The Interferon Stimulated Gene Product Lymphocyte Antigen 6 Complex, Locus E Promotes Entry of a Subset of Diverse RNA Viruses and Inhibits Infection by Coronaviruses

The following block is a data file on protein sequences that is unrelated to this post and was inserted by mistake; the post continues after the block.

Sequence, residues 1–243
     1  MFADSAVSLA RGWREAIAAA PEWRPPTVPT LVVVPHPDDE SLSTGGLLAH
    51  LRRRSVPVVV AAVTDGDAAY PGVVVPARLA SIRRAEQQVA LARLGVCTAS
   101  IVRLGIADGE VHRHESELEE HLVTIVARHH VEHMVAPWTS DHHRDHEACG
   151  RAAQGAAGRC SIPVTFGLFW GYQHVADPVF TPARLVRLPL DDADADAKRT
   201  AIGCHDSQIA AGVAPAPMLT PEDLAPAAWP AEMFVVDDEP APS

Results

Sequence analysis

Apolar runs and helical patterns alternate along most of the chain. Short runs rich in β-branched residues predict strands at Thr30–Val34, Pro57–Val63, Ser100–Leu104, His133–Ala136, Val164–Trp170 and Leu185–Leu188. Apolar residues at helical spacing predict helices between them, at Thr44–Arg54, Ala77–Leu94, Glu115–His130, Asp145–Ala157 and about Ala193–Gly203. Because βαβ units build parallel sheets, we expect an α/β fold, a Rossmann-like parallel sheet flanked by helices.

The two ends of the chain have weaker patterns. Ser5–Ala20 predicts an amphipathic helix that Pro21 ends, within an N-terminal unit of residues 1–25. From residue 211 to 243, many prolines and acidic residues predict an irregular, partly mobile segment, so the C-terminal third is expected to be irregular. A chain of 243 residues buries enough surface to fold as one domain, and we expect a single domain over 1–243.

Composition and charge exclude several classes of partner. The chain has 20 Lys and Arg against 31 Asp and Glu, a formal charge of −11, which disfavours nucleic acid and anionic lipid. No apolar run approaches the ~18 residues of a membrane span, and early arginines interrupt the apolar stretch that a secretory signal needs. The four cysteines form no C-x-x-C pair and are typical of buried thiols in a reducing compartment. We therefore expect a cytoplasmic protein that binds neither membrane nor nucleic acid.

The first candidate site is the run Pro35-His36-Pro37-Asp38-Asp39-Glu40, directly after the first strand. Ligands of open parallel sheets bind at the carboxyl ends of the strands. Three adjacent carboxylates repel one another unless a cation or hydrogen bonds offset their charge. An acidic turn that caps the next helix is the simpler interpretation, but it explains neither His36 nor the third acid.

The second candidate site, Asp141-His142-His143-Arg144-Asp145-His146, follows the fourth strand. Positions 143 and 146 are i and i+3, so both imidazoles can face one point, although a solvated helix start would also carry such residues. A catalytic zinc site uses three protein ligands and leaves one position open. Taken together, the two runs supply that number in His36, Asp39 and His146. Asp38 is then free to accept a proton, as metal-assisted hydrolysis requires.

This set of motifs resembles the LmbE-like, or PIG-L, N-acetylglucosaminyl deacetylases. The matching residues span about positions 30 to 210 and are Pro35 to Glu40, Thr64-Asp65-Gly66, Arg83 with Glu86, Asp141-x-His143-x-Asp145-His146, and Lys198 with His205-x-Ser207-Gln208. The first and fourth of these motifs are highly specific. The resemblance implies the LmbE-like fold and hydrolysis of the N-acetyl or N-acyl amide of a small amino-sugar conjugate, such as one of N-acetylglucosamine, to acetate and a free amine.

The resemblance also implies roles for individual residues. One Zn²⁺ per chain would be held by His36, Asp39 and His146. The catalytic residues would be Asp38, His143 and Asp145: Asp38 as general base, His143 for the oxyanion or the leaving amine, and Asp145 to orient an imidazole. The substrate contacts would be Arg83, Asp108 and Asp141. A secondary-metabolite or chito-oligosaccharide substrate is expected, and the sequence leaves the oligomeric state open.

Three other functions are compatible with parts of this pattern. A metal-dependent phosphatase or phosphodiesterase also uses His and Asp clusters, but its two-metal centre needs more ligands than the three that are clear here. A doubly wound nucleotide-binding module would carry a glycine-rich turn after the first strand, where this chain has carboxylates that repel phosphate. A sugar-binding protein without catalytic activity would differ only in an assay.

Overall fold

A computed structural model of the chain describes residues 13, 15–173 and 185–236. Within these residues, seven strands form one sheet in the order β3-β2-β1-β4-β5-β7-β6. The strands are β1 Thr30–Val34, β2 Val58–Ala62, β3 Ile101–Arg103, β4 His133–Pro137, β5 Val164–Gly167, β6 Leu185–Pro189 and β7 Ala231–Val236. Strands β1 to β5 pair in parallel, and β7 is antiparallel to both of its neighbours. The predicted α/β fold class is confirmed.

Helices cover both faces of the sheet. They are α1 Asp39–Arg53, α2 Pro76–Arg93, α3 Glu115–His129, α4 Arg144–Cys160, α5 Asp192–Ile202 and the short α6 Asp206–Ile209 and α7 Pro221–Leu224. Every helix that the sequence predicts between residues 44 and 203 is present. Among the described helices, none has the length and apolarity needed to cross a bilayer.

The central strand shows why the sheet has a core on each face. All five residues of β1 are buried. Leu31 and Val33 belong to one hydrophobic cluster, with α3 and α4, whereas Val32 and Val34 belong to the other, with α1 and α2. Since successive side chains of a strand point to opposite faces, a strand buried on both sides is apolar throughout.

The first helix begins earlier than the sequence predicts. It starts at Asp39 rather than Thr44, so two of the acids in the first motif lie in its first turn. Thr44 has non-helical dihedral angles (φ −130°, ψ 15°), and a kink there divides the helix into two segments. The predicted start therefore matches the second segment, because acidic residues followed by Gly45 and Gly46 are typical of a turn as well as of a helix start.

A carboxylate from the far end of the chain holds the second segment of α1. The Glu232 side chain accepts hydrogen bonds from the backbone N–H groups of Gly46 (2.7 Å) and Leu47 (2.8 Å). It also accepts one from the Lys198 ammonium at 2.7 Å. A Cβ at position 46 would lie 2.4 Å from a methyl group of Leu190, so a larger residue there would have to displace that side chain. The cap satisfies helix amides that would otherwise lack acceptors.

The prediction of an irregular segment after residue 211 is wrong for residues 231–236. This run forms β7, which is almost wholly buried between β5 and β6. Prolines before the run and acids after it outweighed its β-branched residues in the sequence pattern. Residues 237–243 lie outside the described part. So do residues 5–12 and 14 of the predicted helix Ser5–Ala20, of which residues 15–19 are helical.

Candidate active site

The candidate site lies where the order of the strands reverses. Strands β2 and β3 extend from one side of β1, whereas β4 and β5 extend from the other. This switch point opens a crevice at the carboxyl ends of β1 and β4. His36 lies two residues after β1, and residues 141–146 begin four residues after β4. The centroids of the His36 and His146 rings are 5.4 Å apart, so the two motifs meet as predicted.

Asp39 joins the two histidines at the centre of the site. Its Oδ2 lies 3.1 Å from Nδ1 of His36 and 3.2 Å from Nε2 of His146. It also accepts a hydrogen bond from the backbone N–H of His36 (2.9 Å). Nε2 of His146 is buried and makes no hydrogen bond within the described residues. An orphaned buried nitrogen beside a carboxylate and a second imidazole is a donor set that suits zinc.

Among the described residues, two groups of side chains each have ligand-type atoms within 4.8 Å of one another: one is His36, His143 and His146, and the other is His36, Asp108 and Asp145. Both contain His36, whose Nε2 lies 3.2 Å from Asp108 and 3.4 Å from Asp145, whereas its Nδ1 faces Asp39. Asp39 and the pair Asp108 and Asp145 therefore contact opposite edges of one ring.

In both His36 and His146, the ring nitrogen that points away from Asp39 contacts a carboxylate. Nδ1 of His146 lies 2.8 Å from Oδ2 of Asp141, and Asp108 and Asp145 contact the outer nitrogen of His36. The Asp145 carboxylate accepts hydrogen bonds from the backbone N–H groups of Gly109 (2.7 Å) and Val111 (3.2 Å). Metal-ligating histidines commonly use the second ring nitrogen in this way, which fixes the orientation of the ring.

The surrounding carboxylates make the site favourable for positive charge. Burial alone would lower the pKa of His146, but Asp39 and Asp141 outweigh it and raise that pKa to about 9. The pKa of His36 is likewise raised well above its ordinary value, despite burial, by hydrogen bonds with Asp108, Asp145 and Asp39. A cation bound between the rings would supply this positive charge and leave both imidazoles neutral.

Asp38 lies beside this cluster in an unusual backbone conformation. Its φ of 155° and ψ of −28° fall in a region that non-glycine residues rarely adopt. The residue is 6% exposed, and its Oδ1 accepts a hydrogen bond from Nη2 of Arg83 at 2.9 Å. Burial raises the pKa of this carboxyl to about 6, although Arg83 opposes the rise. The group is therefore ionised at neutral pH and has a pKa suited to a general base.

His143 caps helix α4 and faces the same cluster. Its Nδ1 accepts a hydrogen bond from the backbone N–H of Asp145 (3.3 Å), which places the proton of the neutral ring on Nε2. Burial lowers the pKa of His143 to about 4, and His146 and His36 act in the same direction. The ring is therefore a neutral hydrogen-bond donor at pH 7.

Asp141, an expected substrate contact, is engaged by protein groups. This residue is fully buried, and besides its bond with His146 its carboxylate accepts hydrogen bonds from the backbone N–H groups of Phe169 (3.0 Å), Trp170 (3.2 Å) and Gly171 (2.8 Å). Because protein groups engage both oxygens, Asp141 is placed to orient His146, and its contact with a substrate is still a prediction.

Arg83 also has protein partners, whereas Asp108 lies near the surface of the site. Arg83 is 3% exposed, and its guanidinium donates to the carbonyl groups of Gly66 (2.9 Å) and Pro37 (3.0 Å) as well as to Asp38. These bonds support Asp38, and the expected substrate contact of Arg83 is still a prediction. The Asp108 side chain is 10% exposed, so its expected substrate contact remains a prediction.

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Interferons (IFNs) contribute to cell-intrinsic antiviral immunity by inducing hundreds of IFN-stimulated genes (ISG). In a screen to identify novel antiviral factors, the Schoggins lab unexpectedly uncovered a subset of genes that enhanced viral infection. Here, I describe my personal efforts to study lymphocyte antigen 6, locus E (LY6E), a protein which was identified in the screen to enhance the infection of viruses from Flaviviridae, Orthomyxoviridae, Retroviridae, and Alphaviridae viral families. In my studies, I confirmed that LY6E promotes viral infection of viruses from the same families, as demonstrated by both ectopic overexpression and endogenous knockout approaches. Using influenza A virus (IAV) as a model, I narrowed the enhancing effect of LY6E specifically to the entry step of uncoating, which precedes release of the viral genome into the cytoplasm and is required for viral replication. I also observed that the viral enhancement phenotype is conserved across evolution, as orthologs from bat, rhesus macaque, and mouse exerted a similar effect. To understand the physiological relevance of viral enhancement at the cellular level, I generated Ly6e conditional knockout mice and crossed them to multiple Cre recombinase transgenic mouse strains. As a result, I obtained mice with specific ablation of Ly6e in distinct immune cell compartments. From both ex vivo and in vivo studies using the Ly6e knockout mice, I concluded that Ly6e in alveolar macrophages is important for optimal defense against IAV infection. Finally, in collaboration with the postdoctoral fellow Stephanie Pfaender, I have shown that LY6E also possesses potent antiviral activity against a distinct subset of enveloped RNA viruses. Cumulatively, my work has uncovered three unique ways by which the ISG LY6E may contribute to the antiviral immune response. This work also provides insight regarding the multi-faceted ways a single ISG can provide broad protection against infection by viruses from diverse viral families.

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